San Francisco Chinatown-A Guide to its History and Architecture by Philip P. Choy, City Lights Publishing
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Book Review By C. MacDonald
San Francisco's Chinatown has always been a tourist attraction, a fascinating place of unusual sights, sounds and tastes. Since Gold Rush Days, it has been known for delicious food, amazing entertainment, interesting architecture, unique dress and captivating culture.
Philip P. Choy, 86, who was born and raised there, peels back the facade in Chinatown so outsiders can peek inside, learn its true identity and its amazing history—a heritage involving pride, hard work, creativity and a can-do attitude of pro-actively overcoming many obstacles, including discrimination and misunderstanding.
You'll learn about old Chinatown being burned down in the devastating 1906 Earthquake and Fire and how a subcommittee of San Francisco's leading citizens recommended it be relocated to Hunters Point. But the Chinese had plans of their own and started rebuilding Chinatown as an "Oriental City" which would attract tourists, a project endorsed by the San Francisco Real Estate Board. And attract tourists it did, and still does!
--How Portsmouth Plaza, once the San Francisco Civic Center, became the heart and soul of immigrant Chinese to this day.
--How the site of San Francisco's first newspaper, "The California Star," became Pacific Telephone's first and only Chinese Telephone Exchange at 743 Washington.
--How the Mandarin Theatre, 1021 Grant Ave., became known for Cantonese Opera — with rave performances given from 7 to 12 every evening.
--How Stockton Street became famous in Gold Rush Days for its Chinese Food. There's more variety today but the food "with its strange looks and odd smells" (as the author wrote) are still favorites with tourists.
--How the Golden Gate Fortune Cookies Co., 56 Ross Alley, continues to attract tourists with its legendary "must see" fortune cookie machine.
--How in 2009, Willie "Woo Woo" Wong Playground, 855 Sacramento St., was named for a former 5-foot-5 University of San Francisco sensation—the first Chinese American to achieve prominence as a major college basketball player. Fans would chant "Woo, Woo" every time he scored. For over 75 years, the playground was known for having Chinatown's first swing sets, slides and more, but had no name.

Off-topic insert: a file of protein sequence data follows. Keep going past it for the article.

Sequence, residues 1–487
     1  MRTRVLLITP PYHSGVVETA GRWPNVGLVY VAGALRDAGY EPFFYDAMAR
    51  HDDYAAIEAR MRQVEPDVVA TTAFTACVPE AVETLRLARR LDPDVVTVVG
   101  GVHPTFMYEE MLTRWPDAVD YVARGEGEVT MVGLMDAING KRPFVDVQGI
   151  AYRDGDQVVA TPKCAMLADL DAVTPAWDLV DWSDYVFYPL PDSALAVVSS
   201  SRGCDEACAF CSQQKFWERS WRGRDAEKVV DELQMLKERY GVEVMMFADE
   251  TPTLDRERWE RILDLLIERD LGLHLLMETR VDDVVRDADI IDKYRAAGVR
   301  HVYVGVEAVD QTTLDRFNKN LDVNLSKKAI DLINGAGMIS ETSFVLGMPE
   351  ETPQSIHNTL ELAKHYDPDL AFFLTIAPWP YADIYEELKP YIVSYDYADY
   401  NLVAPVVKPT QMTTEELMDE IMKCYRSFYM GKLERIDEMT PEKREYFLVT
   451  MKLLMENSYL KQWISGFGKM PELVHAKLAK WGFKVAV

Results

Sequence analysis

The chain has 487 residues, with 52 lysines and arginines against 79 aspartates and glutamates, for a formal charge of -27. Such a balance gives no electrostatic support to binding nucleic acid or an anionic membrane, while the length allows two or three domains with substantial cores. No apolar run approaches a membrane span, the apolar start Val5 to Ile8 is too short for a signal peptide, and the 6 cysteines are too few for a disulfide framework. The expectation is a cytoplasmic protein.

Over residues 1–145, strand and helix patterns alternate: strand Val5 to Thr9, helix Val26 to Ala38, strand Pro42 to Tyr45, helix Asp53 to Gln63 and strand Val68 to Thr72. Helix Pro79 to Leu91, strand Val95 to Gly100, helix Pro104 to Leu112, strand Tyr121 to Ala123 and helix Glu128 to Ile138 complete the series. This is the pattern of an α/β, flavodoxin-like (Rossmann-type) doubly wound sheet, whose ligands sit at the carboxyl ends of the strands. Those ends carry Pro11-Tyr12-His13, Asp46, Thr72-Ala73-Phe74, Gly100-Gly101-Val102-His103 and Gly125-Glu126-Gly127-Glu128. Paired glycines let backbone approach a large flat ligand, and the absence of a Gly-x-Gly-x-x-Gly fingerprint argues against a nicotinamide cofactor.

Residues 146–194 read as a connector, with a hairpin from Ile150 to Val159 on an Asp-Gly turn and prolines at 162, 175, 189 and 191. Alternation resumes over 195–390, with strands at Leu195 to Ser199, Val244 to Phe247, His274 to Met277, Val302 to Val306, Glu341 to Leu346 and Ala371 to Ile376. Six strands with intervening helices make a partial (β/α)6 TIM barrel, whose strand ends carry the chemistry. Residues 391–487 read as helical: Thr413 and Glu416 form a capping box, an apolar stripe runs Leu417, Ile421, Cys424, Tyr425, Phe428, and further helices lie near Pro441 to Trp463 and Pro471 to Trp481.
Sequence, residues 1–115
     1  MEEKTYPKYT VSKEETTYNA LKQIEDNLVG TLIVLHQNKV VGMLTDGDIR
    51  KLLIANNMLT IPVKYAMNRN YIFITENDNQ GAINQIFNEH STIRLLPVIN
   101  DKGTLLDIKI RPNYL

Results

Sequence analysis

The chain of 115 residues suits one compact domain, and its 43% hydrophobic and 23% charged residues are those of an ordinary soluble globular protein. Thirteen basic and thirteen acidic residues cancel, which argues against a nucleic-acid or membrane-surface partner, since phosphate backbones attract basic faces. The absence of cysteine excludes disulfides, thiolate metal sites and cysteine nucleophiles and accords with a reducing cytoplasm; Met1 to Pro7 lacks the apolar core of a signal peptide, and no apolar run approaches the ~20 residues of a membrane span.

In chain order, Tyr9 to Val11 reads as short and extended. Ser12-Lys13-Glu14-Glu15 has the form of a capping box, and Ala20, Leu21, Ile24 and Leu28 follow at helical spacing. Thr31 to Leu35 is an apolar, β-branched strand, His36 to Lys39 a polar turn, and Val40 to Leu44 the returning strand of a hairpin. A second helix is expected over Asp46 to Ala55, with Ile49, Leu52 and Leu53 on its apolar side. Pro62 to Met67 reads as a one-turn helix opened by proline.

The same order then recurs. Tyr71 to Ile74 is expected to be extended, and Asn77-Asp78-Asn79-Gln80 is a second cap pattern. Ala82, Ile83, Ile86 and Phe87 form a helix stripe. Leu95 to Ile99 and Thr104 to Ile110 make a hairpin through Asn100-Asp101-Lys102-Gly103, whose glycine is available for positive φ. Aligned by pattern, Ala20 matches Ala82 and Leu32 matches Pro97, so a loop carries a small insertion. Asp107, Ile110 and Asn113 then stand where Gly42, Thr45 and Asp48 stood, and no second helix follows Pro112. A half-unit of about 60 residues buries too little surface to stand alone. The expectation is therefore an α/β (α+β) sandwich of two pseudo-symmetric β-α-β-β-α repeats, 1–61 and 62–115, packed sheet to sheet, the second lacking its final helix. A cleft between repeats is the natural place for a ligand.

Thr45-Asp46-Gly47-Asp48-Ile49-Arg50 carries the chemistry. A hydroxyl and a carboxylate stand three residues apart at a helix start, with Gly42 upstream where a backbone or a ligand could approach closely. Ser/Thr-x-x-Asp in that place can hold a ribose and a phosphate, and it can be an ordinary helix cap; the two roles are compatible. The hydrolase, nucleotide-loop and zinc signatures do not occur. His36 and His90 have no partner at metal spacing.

This wonderful insider's guide is complete with maps, walking tours and great building architecture photos by the author's son, Brian, as well as interesting historical pictures.
A UC Berkeley Architecture grad, who taught the first college level course in Chinese American history at San Francisco State University, Choy offers fascinating details about building architecture as well as the triumphs and tragedies of the USA's oldest and most famous Chinatown.
He explains how present day Chinatown overlays significant sites from the Spanish, Mexican and American period. Choy also describes the racism and civil rights struggles that impacted the Chinese, many of whom were excellent business people, miners and laborers. More than 12,000 Chinese helped build the Transcontinental Railroad.
The book shows how far the Chinese have come in the city they helped make famous by the bay. In 2011, Edwin Lee was appointed Mayor of San Francisco, the city's first citizen of Chinese descent to become mayor.
City Lights Publishers present the book in a handy, easy-carrying format that every tourist should have when visiting Chinatown. You'll be able to spot specific buildings, learn the history behind the names and mortar, and gain an understanding of the culture that made Chinatown the major tourist attraction that it remains today--a very significant part of one of the world's greatest and most ethnically diverse cities.